By default, the “Star” tab is the initially-active one, on the left-side menu. You can start there, and fill in the following based on the data you recorded in your “Explorer’s Journal” from NASA’s Eyes in Part 1:
Star NameUse the name given in NASA’s Eyes.

Star TypeEnter one of the following, from what was in NASA’s Eyes: O, B, A, F, G, K, or M
As soon as you enter one of those letters, you will see both the background star change and the planet illuminated by that color (also, to varying brightness depending on whether the star’s type has a high or low luminosity).
Next, click the “Planet” tab, in the upper left, to switch modes in the left-side menu. From your notes, you can then fill in and choose fill the following:
Planet NameUse the name given in NASA’s Eyes.

MassEnter the number from NASA’s Eyes, if one was given, that you previously recorded in Part 1.
By default the Planet Builder tool assumes a multiple of Earth masses; if NASA’s Eyes specified Jupiter masses instead, be sure to click the “Jupiter” button to the right of the text-entry box.
If this were unknown, then you can enter any number here — your best guess will do. As a rough guide, …
Terrestrial, “Rocky” or “Super Earth” planets might have masses from a fraction of, to up a few times, Earth’s mass (say, 0.1 up to 10 or so).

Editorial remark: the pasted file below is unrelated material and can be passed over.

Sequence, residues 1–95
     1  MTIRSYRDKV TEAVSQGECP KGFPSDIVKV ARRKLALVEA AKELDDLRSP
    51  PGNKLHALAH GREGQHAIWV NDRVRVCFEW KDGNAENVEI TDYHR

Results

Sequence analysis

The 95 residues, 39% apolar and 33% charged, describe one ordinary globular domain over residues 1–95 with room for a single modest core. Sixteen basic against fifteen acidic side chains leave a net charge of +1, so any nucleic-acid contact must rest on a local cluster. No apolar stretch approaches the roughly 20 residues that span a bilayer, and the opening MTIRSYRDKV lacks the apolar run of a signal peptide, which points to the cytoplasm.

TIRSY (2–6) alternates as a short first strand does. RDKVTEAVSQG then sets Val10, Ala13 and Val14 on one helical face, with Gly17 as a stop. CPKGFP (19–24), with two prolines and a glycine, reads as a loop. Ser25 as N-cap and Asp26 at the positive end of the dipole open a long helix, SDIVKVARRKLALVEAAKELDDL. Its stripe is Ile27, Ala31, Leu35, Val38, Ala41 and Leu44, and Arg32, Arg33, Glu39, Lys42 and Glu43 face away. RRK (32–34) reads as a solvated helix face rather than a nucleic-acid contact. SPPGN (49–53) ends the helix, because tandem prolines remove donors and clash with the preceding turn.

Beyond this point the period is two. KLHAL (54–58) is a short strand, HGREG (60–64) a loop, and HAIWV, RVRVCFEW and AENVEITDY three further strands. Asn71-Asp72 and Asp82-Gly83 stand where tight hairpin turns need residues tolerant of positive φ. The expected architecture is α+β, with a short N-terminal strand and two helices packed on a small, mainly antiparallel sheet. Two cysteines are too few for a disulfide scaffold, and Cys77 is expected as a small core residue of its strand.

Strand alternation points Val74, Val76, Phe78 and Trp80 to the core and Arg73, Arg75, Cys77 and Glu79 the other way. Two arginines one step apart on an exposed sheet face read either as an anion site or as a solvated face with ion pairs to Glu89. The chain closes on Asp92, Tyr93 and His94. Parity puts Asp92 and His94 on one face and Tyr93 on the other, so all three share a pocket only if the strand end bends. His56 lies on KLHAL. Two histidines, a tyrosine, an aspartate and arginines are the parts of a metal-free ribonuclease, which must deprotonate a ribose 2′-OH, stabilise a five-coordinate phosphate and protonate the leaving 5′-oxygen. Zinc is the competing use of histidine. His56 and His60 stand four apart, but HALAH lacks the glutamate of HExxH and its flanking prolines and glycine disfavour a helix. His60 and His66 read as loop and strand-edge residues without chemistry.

Something called “Neptune-like,” at least as we are used to them, may have a mass of tens of Earth masses (let’s say, 10 – 50 times Earth’s mass)
A Jupiter-like planet, at least as we are used to them, are more massive than Neptunes, but maybe only up to about a few tens of times Jupiter’s mass; above about 100 Jupiter masses or so, you start getting into the realm of lower stars’ masses, so better not to enter values above that.

RadiusEnter the number from NASA’s Eyes, if one was given, that you previously recorded in Part 1.
By default the Planet Builder tool assumes a multiple of Earth radii; if NASA’s Eyes specified Jupiter radii instead, be sure to click the “Jupiter” button to the right of the text-entry box.
If this were unknown, then you can enter any number here — your best guess will do. As a rough guide, …
Terrestrial, “Rocky” or “Super Earth” planets might have radii from a fraction of, to up a couple times, Earth’s radius (say, 0.25 up to 2 or 3 or so).
Something called “Neptune-like,” at least as we are used to them, may have a radius of a few Earth radii (let’s say, 4 – 8 times Earth’s radius)
A Jupiter-like planet, at least as we are used to them, are larger than Neptunes, but maybe not much larger than Jupiter is, even if the mass is higher; adding more mass to a Jupiter-like planet may actually cause it to compress smaller. On the other hand, other factors may cause a “Hot Jupiter” to puff out some, so if you are entering a guess on a giant planet maybe only go up to 2 Jupiters or so at the most; beyond that and you get into the realm of the smaller-sized stars.